According to the National Comorbidity Survey Replication, the median age of onset of bulimia is 18 (1), so specific inclusion of oral health research on bulimic patients would be wise. A recent systematic review identified several oral health manifestations of bulimia. In particular, specific patterns of tooth erosion can be the first visible indicators of bulimia, so dentists and hygienists can have a crucial role in detecting this problem and arranging for referral. There is also evidence of increased risk of dental caries, reduced salivary flow, parotid gland enlargement, dry mouth either associated with antidepressants used for treatment or the underlying condition itself and differential behaviors, such as oral health care or dietary habits, compared to patients without bulimia. However, the systematic review points to several evidence gaps in these studies, specifically the need to stratify bulimics based on treatment type and eating disorder type as some studies mix all eating disorder or bulimia types; for longitudinal studies to understand long-term oral health effects; and for research on men who suffer from bulimia.(2) NIDCR should collaborate with the National Institute of Mental Health on this research topic. References 1. Hudson JI, Hiripi E, Pope HG, Jr., Kessler RC. 2007. The Prevalence and Correlates of Eating Disorders in the National Comorbidity Survey Replication. Biological Psychiatry. 61(3):348-358. 2. Rosten A, Newton T. 2017. The impact of bulimia nervosa on oral health: A review of the literature. Bdj. 223:533.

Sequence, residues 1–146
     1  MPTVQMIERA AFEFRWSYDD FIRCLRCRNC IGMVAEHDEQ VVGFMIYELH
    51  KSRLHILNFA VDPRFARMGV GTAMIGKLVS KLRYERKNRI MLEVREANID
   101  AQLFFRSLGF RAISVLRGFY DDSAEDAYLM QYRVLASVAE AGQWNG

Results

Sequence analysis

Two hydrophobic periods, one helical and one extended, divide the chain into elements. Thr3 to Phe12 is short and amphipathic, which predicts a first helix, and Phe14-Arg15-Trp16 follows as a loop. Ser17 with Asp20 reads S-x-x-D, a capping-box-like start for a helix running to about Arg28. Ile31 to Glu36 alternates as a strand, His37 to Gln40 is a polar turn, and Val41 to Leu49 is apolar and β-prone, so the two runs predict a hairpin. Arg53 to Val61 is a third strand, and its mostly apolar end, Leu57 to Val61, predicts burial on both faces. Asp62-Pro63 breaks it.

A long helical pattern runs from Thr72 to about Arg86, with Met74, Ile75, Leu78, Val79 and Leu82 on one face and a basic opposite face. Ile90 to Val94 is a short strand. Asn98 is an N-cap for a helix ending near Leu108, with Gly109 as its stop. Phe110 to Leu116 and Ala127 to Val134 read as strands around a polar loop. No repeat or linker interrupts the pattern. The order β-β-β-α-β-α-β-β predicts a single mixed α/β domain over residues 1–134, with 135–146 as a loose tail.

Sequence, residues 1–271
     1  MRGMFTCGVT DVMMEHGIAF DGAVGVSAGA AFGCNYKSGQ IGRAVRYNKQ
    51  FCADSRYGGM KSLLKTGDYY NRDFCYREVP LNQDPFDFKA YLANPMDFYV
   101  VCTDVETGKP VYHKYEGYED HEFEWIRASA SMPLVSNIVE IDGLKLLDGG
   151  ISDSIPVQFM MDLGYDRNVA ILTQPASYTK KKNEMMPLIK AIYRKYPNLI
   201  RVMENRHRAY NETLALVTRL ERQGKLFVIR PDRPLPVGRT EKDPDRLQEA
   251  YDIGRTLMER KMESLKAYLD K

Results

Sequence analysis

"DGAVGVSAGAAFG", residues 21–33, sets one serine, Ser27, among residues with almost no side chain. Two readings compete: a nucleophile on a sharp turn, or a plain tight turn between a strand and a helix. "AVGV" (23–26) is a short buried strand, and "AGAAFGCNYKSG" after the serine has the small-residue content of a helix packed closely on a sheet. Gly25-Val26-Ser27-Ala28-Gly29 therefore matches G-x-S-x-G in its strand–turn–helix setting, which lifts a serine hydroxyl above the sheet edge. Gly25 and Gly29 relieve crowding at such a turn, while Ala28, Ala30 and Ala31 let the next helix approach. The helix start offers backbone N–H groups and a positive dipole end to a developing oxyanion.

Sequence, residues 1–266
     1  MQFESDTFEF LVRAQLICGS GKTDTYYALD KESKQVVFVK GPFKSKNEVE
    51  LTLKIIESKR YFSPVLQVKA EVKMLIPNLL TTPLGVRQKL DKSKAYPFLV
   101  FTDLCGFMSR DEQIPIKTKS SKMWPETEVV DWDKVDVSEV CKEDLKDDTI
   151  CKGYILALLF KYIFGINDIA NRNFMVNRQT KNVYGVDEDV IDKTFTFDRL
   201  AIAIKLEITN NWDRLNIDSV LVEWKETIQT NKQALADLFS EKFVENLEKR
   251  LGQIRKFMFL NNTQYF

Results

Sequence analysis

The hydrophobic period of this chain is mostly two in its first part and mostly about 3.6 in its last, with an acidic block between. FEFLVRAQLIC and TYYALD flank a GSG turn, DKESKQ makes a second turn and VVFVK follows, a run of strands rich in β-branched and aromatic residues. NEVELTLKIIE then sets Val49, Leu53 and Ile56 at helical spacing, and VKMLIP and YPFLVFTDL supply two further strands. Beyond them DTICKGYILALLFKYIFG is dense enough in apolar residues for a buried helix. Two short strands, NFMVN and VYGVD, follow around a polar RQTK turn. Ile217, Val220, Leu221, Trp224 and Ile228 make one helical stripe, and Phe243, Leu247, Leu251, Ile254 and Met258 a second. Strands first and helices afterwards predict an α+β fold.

Comment No. 360